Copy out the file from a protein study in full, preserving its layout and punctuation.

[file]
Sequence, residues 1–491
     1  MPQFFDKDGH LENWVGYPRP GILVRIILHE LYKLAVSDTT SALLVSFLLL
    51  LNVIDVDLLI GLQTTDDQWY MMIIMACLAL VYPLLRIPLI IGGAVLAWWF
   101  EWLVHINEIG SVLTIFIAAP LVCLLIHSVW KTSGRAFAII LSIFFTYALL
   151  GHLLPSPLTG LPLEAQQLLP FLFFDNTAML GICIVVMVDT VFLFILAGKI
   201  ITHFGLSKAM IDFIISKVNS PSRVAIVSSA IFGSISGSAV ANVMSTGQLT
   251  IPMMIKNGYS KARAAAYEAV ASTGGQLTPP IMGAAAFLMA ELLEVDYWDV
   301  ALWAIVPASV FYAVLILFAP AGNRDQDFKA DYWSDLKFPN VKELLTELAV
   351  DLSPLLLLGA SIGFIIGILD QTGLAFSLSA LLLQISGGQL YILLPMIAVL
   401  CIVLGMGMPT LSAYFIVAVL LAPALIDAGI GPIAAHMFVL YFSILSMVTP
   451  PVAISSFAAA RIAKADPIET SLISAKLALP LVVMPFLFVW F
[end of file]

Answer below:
Sequence, residues 1–491
     1  MPQFFDKDGH LENWVGYPRP GILVRIILHE LYKLAVSDTT SALLVSFLLL
    51  LNVIDVDLLI GLQTTDDQWY MMIIMACLAL VYPLLRIPLI IGGAVLAWWF
   101  EWLVHINEIG SVLTIFIAAP LVCLLIHSVW KTSGRAFAII LSIFFTYALL
   151  GHLLPSPLTG LPLEAQQLLP FLFFDNTAML GICIVVMVDT VFLFILAGKI
   201  ITHFGLSKAM IDFIISKVNS PSRVAIVSSA IFGSISGSAV ANVMSTGQLT
   251  IPMMIKNGYS KARAAAYEAV ASTGGQLTPP IMGAAAFLMA ELLEVDYWDV
   301  ALWAIVPASV FYAVLILFAP AGNRDQDFKA DYWSDLKFPN VKELLTELAV
   351  DLSPLLLLGA SIGFIIGILD QTGLAFSLSA LLLQISGGQL YILLPMIAVL
   401  CIVLGMGMPT LSAYFIVAVL LAPALIDAGI GPIAAHMFVL YFSILSMVTP
   451  PVAISSFAAA RIAKADPIET SLISAKLALP LVVMPFLFVW F